Red Sox Won't Hush Whispers of Six-Man Rotation, Possibly Colossal Mistake

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↵Gordon Edes of ESPN Boston has a really interesting look at Daisuke Matsuzaka's recovery, but the fascinating part of the story is the bit of baseball history it might entail for the Red Sox. ↵

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↵⇥⇥The club has not ruled out using a six-man rotation, (pitching coach John) Farrell said Sunday, but stressed that any discussion is purely hypothetical until Matsuzaka is ready. And that is still weeks away, as Matsuzaka tries to make up for time lost to what the team called an upper back injury.⇥⇥ ↵⇥

↵⇥⇥...⇥⇥ ↵⇥

↵⇥⇥ ↵⇥

↵⇥⇥"Where we go from that point, who goes to the bullpen, does it bring back in the thought of a six-man rotation? I know for the fan or a baseball person who looks at the situation, it's why don't you just do that? On paper, [a six-man rotation] seems to be the elixir that will answer everything."⇥⇥ ↵⇥

↵⇥⇥ ↵⇥

↵⇥⇥No team has used a six-man rotation over the course of a full season. Many teams have trouble finding three or four quality starters, never mind six. A six-man rotation would have a ripple effect on a team's bullpen, Farrell notes.⇥⇥ ↵⇥

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↵An elixir? The Red Sox might just poison their season this way. ↵

↵The problem with keeping Matsuzaka around as a sixth starter is that he's a magnificent enigma. He was decidedly bad in 2009, throwing 59.1 innings but only producing 0.5 Wins Above Replacement, according to FanGraphs. In 2007 and 2008, he was good, accounting for 3.9 and 3.3 WAR, respectively. But projecting Matsuzaka's performance going forward, with multiple nagging injuries and concerns about his conditioning mitigating his substantial talent, is a crapshoot. ↵

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↵It's not so hard to predict that the top of the Sox rotation will be excellent. Jon Lester and Josh Beckett have both been aces, each producing more than 5 WAR in both 2008 and 2009; John Lackey hasn't been as good over the last two years, but was over 5 WAR in 2005, 2006, and 2007, and has a lower career marks in ERA and Fielding Independent Pitching than Dice-K. The back end of the rotation is closer to Matsuzaka's level -- neither Tim Wakefield or Clay Buchholz is demonstrably better than Matsuzaka -- but that's not why this move would be bad. ↵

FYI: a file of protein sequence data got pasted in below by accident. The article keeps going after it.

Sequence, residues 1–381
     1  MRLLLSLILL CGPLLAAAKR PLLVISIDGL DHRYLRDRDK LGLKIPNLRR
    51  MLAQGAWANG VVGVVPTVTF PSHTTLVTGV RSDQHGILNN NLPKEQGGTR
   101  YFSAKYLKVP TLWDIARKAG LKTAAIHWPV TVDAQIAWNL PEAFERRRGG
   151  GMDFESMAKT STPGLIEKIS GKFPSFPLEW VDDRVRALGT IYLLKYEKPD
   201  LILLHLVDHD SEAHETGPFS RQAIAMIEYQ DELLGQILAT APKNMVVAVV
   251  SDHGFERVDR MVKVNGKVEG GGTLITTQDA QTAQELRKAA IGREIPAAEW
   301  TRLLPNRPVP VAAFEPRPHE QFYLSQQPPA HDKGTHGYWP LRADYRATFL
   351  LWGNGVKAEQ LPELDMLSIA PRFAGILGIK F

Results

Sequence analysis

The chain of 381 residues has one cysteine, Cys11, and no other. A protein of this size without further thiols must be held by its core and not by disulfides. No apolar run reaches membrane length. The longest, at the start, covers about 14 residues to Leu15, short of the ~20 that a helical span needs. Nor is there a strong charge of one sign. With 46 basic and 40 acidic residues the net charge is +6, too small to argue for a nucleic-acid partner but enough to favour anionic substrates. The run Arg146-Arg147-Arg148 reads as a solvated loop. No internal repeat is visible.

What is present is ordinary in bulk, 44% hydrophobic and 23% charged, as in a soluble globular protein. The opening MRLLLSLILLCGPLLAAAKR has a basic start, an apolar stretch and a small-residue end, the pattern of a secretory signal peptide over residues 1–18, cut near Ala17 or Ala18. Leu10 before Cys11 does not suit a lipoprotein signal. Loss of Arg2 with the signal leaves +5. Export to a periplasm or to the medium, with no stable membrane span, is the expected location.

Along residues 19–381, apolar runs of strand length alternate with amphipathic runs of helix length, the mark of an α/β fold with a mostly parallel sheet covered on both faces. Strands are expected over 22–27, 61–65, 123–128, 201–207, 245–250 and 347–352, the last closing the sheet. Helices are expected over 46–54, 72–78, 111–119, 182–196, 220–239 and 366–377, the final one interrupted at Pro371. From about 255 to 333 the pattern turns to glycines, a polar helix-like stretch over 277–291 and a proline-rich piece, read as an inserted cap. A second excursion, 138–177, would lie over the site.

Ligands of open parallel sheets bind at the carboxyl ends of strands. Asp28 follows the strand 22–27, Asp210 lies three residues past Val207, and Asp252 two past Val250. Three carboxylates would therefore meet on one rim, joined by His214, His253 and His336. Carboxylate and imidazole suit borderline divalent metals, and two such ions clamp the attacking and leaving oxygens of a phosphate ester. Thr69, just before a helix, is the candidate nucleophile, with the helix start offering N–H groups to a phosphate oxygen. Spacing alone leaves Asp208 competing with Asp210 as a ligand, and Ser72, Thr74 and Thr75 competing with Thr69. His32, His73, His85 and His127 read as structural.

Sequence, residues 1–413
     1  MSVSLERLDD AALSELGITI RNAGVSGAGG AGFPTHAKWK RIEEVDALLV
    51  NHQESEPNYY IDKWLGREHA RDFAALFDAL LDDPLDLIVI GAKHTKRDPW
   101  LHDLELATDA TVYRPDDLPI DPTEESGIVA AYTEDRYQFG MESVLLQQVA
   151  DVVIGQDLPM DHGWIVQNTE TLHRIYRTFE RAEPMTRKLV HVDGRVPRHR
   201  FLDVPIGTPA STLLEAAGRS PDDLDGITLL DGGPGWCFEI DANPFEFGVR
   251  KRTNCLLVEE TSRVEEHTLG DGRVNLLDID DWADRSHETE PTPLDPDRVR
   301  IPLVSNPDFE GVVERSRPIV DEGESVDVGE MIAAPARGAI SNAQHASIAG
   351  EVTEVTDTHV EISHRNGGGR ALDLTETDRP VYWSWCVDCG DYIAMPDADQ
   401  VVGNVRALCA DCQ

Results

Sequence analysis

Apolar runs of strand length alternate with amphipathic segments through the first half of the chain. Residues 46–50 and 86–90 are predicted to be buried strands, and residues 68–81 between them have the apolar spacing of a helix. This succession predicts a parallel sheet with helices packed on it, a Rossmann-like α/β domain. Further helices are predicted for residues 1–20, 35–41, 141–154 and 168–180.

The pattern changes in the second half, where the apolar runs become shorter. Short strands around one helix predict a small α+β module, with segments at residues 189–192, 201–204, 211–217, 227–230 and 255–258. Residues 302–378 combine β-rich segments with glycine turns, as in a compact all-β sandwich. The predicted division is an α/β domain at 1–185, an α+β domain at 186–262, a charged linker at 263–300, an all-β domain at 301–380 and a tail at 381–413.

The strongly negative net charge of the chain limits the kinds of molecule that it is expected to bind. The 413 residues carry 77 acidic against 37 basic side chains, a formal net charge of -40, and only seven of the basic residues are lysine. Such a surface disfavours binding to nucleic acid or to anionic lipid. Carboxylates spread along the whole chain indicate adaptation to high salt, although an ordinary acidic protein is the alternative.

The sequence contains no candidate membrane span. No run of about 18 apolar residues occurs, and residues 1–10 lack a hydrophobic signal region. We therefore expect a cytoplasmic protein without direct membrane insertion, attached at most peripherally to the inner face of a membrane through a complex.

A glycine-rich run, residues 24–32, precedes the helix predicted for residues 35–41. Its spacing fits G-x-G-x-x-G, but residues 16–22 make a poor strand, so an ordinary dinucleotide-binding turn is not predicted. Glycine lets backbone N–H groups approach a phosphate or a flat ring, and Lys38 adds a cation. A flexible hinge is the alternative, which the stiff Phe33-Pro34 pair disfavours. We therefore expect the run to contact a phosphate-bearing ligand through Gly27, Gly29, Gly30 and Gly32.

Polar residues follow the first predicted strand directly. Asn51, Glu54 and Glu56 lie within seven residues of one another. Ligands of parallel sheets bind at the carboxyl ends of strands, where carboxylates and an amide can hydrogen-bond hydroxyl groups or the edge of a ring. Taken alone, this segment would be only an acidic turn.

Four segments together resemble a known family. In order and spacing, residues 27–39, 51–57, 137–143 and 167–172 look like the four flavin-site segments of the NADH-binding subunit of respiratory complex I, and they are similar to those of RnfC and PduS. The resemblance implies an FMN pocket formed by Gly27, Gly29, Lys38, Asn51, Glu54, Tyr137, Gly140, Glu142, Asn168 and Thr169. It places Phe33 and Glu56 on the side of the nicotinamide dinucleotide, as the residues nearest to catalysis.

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↵It's because giving more starts to Matsuzaka at the expense of giving starts to aces is a colossally stupid idea. ↵

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↵Dividing the 162 starts available in a year by six starters would give each player 27 starts; dividing that same number by five starters gives each 32.4 starts. That assumes perfect health, of course, and it's probably more realistic to guess that Matsuzaka would come back in late April, if not later, which could mean he would get about 22 to 24 starts, while the other starters get closer to 28 each. ↵

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↵In any case, it's redistribution of innings from excellent pitchers to those who are merely very good. Are the Red Sox so confident in Matsuzaka's abilities that they want to take away 10 or more highly valuable starts from the Beckett-Lester-Lackey trio, possibly add stress to a six-man bullpen, and take their chances on a guy with a recent history of injury? ↵

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↵My guess is that they're not -- no one has called the Red Sox, under Theo Epstein, stupid -- but that the enormous price tag for Dice-K and the interest he draws from Japan will weigh heavily into the decision-making process. Giving Matsuzaka starts could also be a way of making sure he still has some value in a possible trade. ↵

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↵But it just doesn't make sense if the Red Sox want to compete for a playoff spot. They can't afford to give up starts from their best pitchers, because in a division with both the Yankees and Rays, one win might decide which team plays into October. ↵

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↵Unless, that is, this six-man rotation -- which serves at the point mostly as a hypothetical for Red Sox writers to scribble about and fans to hyperventilate over -- somehow gets Beckett-Lester-Lackey more of the starts in the more valuable games against the Yankees and Rays. If Epstein et al. can figure that out, it could be an all-time brilliant baseball stratagem. ↵

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↵Until that comes to pass, the hand-wringing in New England will be justified. ↵

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This post originally appeared on the Sporting Blog. For more, see The Sporting Blog Archives.

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